Driving across Southwest Texas on US90, a highway signed as “Texas Mountain Trail” I couldn’t help myself. More than once the expression “you don’t see that everyday” popped into my brain in response to what I encountered along the way. I was headed to the small town of Alpine, Texas where I would be couchsurfing and basing my explorations into Big Bend country and the Davis Mountains. Having never been in this area before, I had that alert feeling of anticipation of new places and experiences.
Approaching the small town of Valentine, Texas I had my first out of ordinary jolt. All alone in the middle of the desert brush along the highway I came upon a Prada store — yes, that Prada — the Italian luxury fashion store — as in “the devil wears Prada.” You don’t see that everyday. On top of that, not only had I come across a Prada store in the middle of nowhere, but there was a naked young lady standing in front of it! You don’t see that everyday — more on that in a minute.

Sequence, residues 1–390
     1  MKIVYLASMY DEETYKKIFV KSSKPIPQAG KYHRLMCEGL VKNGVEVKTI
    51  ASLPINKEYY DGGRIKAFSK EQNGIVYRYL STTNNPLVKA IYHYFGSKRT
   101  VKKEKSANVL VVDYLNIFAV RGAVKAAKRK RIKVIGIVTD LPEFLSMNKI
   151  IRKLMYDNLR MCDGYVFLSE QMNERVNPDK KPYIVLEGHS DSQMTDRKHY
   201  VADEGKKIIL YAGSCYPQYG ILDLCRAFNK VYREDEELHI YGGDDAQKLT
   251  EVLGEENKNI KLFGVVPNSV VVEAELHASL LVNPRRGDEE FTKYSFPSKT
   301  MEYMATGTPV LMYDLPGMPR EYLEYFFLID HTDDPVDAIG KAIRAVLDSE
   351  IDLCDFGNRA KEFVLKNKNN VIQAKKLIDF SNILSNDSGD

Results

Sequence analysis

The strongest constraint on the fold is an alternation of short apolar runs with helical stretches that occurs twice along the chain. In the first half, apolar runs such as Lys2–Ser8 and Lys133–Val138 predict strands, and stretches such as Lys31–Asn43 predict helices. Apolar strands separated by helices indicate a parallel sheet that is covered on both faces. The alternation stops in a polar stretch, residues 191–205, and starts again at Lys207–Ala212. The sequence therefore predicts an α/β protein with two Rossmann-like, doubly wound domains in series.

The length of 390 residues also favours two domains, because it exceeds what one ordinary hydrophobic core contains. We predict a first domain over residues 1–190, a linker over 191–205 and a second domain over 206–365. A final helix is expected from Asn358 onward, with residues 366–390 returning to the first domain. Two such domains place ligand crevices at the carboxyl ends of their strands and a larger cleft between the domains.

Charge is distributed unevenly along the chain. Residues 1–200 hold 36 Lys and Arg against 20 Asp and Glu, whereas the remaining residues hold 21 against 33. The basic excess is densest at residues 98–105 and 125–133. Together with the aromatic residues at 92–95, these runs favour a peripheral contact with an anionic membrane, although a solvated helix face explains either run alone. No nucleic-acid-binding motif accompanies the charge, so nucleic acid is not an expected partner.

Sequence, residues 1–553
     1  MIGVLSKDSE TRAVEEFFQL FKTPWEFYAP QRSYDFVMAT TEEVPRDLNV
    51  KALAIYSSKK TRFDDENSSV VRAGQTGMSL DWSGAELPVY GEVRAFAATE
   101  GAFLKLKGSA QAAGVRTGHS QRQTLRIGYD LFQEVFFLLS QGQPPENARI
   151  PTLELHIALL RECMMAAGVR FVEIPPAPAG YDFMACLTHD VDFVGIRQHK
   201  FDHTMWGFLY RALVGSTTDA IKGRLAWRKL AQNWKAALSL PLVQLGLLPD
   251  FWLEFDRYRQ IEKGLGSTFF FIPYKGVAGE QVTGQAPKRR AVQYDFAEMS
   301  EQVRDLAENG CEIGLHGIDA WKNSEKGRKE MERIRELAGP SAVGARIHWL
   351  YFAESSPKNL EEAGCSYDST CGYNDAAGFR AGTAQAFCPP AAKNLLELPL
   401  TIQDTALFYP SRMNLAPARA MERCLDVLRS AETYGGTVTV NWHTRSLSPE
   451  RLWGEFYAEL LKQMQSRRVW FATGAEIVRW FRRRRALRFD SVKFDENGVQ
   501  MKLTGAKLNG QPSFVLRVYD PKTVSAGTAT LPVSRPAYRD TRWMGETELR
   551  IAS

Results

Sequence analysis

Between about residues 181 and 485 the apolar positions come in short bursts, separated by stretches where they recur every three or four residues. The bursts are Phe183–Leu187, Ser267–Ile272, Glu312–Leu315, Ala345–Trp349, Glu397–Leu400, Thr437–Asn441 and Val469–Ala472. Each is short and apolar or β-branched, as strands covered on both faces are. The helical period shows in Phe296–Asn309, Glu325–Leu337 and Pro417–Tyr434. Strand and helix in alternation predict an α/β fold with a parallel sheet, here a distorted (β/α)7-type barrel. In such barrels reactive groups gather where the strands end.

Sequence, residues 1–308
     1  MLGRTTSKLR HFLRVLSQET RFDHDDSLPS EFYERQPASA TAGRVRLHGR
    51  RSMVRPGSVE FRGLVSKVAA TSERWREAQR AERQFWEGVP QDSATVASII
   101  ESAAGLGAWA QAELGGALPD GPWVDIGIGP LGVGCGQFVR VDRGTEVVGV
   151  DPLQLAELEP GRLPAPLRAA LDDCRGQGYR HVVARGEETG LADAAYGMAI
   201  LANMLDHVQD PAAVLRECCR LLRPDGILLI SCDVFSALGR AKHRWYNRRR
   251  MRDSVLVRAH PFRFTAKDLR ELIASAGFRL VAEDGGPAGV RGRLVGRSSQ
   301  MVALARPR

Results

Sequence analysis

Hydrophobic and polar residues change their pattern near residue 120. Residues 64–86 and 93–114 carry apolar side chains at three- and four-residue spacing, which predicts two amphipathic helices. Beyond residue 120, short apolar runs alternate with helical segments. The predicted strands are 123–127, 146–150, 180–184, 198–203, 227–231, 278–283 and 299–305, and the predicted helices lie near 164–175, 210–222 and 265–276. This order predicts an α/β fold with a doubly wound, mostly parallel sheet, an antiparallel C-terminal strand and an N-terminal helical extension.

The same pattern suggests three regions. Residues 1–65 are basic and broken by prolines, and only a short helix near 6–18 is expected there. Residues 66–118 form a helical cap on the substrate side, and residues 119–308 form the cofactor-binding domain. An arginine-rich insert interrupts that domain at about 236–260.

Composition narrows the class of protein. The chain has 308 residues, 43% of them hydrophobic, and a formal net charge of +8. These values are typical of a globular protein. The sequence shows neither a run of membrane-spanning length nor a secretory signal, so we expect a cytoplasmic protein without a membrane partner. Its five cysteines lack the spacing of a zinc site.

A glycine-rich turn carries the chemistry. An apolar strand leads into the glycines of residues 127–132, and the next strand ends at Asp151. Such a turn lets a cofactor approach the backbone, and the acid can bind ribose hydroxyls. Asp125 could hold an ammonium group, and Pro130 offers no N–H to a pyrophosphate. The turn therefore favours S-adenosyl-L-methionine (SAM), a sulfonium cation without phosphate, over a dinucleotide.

The Prada store outside of Valentine is not really a functioning store and it is more associated with the nearby town of Marfa rather than Valentine. You can window shop the slinky purses and stiletto-heeled shoe selection but the building is sealed and can’t be entered. It is an art installation — something in the range between performance art and architectural sculpture. The creators, artists Elmgreen and Dragset, call the work a “pop architectural land art project.” The Texas State government, proving that mindless bureaucracy flourishes everywhere, called the installation “a billboard” advertising Prada that doesn’t have a billboard permit. I don’t think that Prada is getting much brand penetration with the ranchers out there. I guess that eventually got sorted out and the State now classifies it as a museum.